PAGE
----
- Many cultures across the world recognize third genders in culturally specific ways
- Women working full-time in the United States earn on average 80 cents for every dollar earned by men
- While LGBTQIA rights in the United States are among the most comprehensive, people identified in this group can be legally fired in Texas as well as in 28 other states
- The United States is the only developed country in the world that doesn’t guarantee paid maternity leave
- Although the “Don’t Ask, Don’t Tell” military policy was lifted in 2011, openly transgender people still cannot serve
- Transgender women of color are about 6 times more likely to experience police violence than non-transgender LGBQ peers
- At least 1 in 2 transgender people suffer sexual abuse or sexual assault
- 66% of likely voters who know a transgender person expressed support for equality
- a recent NYT/CBS News poll showed that 46% of the American public believes transgender people should have to use restrooms matching their birth gender, while only 41% believe transgender people should be able to use restrooms that match their gender identities
Why chose to take courses in gender studies?
- At AC, courses span the humanities, sciences, and social sciences, providing a uniquely interdisciplinary education
- Gender Studies is not only for those who identify as women; gender binaries and hierarchies affect everyone, including straight white men!
- One’s experience of gender differs depending on factors such as race, ethnicity, socioeconomic status, age, and sexuality
- Furnishes a lens that can be used to analyze anything from scientific practices to literature to current events
- Enhance and enrich your understanding of your courses in other subjects.
- Provides a useful framework for thinking about community and world issues impacted by gender and sexuality issues.
- Describe identity more articulately by understanding the differences between genders, sex, and sexuality
Meet the Faculty
|Tom Blake teaches medieval literature, including writers like Marie de France and Ibn Jubayr. His research interests include postcolonial theory and gender studies, and his courses often deal with topics such as medieval theories about racialized and gendered bodies, medieval villain queens, and gender-nonconforming characters in medieval literature.|
|Erin Copple Smith studied gender & sexuality as part of her PhD program in Media & Cultural Studies at the University of Wisconsin-Madison, and is excited to bring that work to bear on her teaching within the Gender Studies program at Austin College. In her classes, she asks students to consider the role that media play in representing and perpetuating norms related to gender and sexuality, and also how we as audience members and citizens can think critically about those norms when they encounter them.|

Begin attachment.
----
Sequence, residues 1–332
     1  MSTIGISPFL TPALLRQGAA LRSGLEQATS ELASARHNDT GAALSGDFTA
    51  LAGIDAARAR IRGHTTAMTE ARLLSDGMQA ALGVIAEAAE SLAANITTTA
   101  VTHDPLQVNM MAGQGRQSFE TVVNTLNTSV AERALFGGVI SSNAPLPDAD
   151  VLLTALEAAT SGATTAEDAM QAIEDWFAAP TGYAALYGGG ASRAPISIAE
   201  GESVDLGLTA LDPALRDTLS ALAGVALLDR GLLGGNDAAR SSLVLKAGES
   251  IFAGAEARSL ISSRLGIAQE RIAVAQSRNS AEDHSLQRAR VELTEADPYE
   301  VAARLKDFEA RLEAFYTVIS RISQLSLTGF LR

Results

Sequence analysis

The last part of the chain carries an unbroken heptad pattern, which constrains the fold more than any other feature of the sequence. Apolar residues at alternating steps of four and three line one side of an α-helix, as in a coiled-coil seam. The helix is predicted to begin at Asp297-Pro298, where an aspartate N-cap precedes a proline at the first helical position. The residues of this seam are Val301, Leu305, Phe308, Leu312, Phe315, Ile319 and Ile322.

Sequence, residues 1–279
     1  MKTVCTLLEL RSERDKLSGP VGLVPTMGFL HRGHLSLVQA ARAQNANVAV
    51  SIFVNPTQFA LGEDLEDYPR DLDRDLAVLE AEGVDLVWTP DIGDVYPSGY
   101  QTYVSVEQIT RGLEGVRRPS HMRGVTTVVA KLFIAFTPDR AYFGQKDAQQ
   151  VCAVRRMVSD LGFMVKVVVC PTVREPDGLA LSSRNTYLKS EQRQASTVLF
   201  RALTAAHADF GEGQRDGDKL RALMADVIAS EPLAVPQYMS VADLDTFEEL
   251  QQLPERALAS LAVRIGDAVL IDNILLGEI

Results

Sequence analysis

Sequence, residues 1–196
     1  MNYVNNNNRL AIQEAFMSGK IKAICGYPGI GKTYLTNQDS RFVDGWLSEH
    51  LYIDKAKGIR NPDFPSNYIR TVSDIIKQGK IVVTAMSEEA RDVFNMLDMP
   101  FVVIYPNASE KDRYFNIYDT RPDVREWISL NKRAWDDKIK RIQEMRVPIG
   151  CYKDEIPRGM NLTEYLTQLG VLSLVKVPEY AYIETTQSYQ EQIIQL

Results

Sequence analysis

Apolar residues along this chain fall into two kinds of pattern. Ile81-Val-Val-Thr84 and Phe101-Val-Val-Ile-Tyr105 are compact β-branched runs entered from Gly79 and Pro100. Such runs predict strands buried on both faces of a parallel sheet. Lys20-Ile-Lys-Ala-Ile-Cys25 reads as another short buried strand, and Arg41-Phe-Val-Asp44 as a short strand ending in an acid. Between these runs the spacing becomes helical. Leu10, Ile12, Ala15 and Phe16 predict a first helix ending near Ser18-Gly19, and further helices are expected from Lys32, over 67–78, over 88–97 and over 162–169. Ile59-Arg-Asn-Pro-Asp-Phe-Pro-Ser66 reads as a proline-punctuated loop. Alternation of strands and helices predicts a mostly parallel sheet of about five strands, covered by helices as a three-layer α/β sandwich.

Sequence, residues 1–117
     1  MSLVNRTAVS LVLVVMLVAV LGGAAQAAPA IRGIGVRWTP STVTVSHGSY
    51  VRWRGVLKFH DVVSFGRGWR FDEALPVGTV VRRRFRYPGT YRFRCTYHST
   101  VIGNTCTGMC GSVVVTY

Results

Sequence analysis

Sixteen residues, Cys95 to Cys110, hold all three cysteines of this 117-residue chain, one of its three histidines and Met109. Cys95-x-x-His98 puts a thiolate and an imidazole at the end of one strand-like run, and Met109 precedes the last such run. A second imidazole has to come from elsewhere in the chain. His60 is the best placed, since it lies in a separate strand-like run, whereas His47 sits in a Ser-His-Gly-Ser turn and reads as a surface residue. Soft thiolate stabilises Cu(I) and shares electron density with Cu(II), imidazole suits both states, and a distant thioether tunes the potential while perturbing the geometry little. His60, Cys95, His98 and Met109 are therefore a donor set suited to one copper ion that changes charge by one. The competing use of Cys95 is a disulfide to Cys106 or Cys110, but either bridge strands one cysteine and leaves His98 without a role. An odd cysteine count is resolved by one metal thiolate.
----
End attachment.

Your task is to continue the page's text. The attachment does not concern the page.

|Matt Findley teaches a course on Psychology of Gender. His graduate training in the field of Social Psychology, as well as his personal research in the domain of interpersonal relationships, sparked his interest in many gender related topics.|
|Audrey Flemming examines the politics of gender in both her research and her courses offered at Austin College. Gender politics is an issue that surfaces within her research related to democratic studies and identity politics. Her courses connected to these areas of study, such as Advanced Comparative Politics, Introduction to International Relations, Identity Politics, Introduction to Comparative Politics, Cuban Politics, and Latin American Politics, offer brief introductions to the politics of gender through the examination of relevant theoretical frameworks and case studies.|
|Mindy Landeck teaches a course on Gender in East Asia and incorporates content related to gender studies into a number of her other courses in East Asian Studies, an interdisciplinary area students program. Trained as a cultural historian, Mindy is particularly interest in the history of early bluestocking movements, birth control legislation in East Asia, culturally-determined notions of femininity/masculinity, and patterns of human sexuality in China, Japan and Korea.|